As the couple set of across the Atlantic, their sail snapped in a surprisingly brisk gale. No weather reports indicated trouble, and this was the most favorable time of the year for an ocean crossing, but there had been numerous reports of out-of season storms. In fact the store clerk who sold them their life vests mentioned a ship that was lost just last year about this time.

And the scene is set. Readers are now expecting something big blowing on that wind.

A third purpose for foreshadowing is to suggest the theme of the book. One of my favorite illustration of this is in Kathryn Fitzmaurice’s middle grade novel The Year The Swallows Came Early. In the story, Ms. Fitzmaurice used candy to symbolize the main character’s life. From the beginning, then, little Groovy makes the comparison that proves to be of utmost significance:

I told my best friend, Frankie, that it was hard to tell what something was like on the inside just by looking at the outside. And that our house was like one of those See’s candies with beautiful swirled chocolate on the outside, but sometimes hiding coconut flakes on the inside, all gritty and hard like undercooked white rice.

An author can create foreshadowing in a variety of ways.

The most obvious method of foreshadowing is by stating, through narrative or dialogue, what is about to happen. Gone with the Wind begins with Scarlet O’Hara preparing to attend an engagement party where she plans to profess her love to Ashley Wilkes, the man about to be engaged. No surprise, then, when this scene takes place.

No surprise, but plenty of suspense has now built up. Will he respond to Scarlet and dump the plain Melanie to be with this startling beauty that all the other men in the county would die for?

A second way to foreshadow is to create in miniature what will soon happen to a larger extent. The men entered the cave to look for treasure. A rock tumbles from the ceiling. Dust flies. “Don’t worry,” the main character says, “we don’t have much farther.” Ah, the reader says, you may not be worrying, but I am! And sure enough, within pages, the cave-in seals the entrance.

Another foreshadowing device is a character’s unreasoned emotion. If someone is obsessing about germs, chances are, there is a deadly disease that may well come into play. If a parent stresses over a teen driver fastening his seat belt, chances are an accident is brewing.

A fourth way to foreshadow is to show the reader an object, as if by happenstance. The main character steps into the garage for a moment and sees the tire iron that should be in the trunk. Or perhaps it’s the spare tire, but oh well, she’s in a hurry, and what are the chances of getting a flat tire?

The object could be anything that will later have significance–a shopping bag, the garage opener, a fishing pole. The object might even be one that’s supposed to be there but is missing. The car seat or a credit card or cell phone.

Lastly, foreshadowing can be created with symbols, as the illustration from The Year The Swallows Came Early showed. The symbol may be common and easily recognized–a bank of clouds, an albatross, a rose bud. Or it can be something the author infuses with meaning as Ms. Fitzmaurice did with the See’s candy.

Foreshadowing is a powerful tool. It prepares the way for events to take place, it creates suspense, and it may help reinforce a story’s theme.

What are your thoughts? Is foreshadowing mostly invisible to you? Do you realize after the fact what the author has done? Do you have any examples of great foreshadowing or stories that needed a good dose of foreshadowing to make a plot point work?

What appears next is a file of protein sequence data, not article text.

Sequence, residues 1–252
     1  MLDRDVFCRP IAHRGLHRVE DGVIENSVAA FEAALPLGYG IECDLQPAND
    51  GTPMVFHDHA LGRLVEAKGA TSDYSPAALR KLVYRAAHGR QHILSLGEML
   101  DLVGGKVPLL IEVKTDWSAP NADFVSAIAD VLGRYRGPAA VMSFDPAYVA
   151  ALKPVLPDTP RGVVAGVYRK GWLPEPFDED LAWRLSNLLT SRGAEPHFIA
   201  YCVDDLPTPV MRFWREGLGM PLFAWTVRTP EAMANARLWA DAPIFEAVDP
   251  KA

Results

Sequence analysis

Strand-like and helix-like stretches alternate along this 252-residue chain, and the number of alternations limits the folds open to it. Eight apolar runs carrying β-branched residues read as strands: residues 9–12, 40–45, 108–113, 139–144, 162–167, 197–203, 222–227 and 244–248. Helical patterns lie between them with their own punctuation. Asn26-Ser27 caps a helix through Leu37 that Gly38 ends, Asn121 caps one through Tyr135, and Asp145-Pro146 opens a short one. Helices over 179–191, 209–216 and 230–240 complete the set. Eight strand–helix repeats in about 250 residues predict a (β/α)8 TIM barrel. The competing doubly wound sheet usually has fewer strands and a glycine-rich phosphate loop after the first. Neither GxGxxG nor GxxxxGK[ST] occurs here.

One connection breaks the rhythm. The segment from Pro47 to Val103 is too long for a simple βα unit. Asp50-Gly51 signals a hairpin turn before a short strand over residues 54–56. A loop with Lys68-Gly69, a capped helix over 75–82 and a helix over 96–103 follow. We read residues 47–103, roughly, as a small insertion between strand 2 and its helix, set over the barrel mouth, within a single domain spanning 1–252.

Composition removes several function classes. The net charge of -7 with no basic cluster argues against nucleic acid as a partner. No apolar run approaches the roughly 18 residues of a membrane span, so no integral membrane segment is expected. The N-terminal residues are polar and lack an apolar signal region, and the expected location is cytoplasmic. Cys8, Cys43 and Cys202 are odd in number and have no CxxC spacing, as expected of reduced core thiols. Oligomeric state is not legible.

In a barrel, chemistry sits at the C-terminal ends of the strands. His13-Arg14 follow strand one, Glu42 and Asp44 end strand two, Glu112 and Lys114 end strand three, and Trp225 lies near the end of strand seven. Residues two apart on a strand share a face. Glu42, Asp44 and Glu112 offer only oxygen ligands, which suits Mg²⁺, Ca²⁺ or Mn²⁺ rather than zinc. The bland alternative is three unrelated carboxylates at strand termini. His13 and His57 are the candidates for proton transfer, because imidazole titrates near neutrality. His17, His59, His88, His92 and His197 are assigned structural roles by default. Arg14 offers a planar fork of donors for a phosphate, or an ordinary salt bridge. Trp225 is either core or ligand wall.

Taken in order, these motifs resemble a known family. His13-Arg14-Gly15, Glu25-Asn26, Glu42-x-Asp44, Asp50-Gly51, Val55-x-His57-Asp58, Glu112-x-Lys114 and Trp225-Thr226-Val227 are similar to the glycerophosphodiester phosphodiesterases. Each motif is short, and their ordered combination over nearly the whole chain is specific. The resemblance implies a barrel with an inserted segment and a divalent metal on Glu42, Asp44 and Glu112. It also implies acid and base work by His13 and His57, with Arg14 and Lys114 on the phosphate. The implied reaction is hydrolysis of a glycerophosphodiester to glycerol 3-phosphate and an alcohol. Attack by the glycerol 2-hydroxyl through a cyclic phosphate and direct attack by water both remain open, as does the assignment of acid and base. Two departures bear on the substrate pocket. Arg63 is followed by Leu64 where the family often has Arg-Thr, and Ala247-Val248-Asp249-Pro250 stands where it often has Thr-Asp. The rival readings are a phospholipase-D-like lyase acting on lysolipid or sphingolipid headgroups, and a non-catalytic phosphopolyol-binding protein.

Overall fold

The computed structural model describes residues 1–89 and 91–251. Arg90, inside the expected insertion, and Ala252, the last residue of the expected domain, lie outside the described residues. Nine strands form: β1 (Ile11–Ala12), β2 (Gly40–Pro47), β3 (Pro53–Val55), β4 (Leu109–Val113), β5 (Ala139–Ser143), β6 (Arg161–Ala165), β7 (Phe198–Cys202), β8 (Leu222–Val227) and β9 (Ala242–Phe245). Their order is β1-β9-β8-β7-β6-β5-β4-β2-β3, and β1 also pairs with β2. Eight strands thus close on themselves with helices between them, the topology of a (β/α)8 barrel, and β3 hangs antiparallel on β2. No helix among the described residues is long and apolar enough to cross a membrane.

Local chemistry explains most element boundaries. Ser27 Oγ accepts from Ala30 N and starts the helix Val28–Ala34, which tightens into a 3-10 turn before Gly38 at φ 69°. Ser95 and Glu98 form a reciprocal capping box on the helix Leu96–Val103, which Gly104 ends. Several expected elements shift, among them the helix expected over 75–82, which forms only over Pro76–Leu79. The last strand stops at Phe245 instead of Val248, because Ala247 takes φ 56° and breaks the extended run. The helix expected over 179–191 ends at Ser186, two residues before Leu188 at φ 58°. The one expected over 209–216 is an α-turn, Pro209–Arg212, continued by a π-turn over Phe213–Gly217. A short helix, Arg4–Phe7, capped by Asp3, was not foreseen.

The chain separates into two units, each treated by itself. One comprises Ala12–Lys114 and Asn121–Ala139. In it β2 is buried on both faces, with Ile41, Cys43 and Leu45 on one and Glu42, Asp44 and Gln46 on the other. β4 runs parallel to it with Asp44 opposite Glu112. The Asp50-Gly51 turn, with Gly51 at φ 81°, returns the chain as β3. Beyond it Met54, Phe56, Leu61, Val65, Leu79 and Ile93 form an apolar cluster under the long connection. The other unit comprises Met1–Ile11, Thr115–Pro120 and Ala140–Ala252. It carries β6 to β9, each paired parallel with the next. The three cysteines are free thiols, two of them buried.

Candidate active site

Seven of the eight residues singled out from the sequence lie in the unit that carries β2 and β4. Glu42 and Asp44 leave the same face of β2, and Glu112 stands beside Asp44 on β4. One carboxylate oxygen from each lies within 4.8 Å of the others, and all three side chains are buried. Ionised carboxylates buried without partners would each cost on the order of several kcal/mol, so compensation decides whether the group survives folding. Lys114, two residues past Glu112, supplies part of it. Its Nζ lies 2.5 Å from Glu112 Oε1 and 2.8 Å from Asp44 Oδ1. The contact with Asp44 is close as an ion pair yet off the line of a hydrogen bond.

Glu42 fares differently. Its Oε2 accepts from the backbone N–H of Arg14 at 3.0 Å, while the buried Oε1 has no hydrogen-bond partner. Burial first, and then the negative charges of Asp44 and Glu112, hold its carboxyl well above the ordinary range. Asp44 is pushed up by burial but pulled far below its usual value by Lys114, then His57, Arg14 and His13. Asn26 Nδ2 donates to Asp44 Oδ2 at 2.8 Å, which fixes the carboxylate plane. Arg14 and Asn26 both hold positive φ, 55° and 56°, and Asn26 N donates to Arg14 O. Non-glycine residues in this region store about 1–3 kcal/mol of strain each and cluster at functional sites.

See Harvey Chapman‘s “Five Examples of Foreshadowing in Fiction” for further illustrations.

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Confusion Or Curiosity

I’ve determined my new writing goal: Create no reader confusion. And I’ve also deduced that creating reader curiosity is not the same as confusion. In fact, the former is desirable and a key factor as to whether or not a reader will continue on with my story.

Like so much in life, then, there is a tenuous balance between what information a writer gives and what he withholds.

Maybe one way to look at this topic is to consider what causes confusion. My friend Sally Apokedak once said that a writer creates confusion by providing conflicting facts. I agree, but I think there is more.

I think confusion results from improper motivation—when the reader isn’t given enough to understand why a character is acting as he is.

Another cause for confusion, in my opinion, is when the writer does not ground the story in something concrete. Playing off columnist Steve Almond‘s examples in a June 2008 Writer’s Digest article, I’ll offer one of my own to illustrate this point.

He didn’t know why she said it, but more importantly why she said it about him.

Does this create confusion or curiosity? The answer to this question can only be determined by what comes next. If the reader doesn’t start getting some answers (who is he, who is she, what’s the relationship between the two, what did she say, and why did she say it?) in the next little bit, I suggest confusion sets in.

The author does not need to give all the answers, perhaps not even complete answers, and probably not answers without introducing new questions. But the point is, unanswered questions or long-delayed answers are a cause for confusion.

A third cause, in my opinion, is the appearance of that which has not been foreshadowed or outright introduced in a scene. If a character is confronted by villains on the right and another baddie on the left, even as the true antagonist closes in from behind, what’s the hero to do? Well, he’ll hide in the barn, of course. The barn that the reader had no idea was in the scene. Above all, this kind of manipulation breaks the trust of the reader. He no longer feels confident that the author has told him all he needs to know.

But just how much should an author tell the reader? Almond’s answer to this dilemma is helpful:

The reader should know at least as much as your protagonist … [Readers] are happy to open with a scene, so long as they get the necessary background. And they don’t need to know everything, just those facts that’ll elucidate the emotional significance of a particular scene.

Helpful guidelines, I think.

This article is a repost of one that appeared at A Christian Worldview of Fiction June 17, 2008.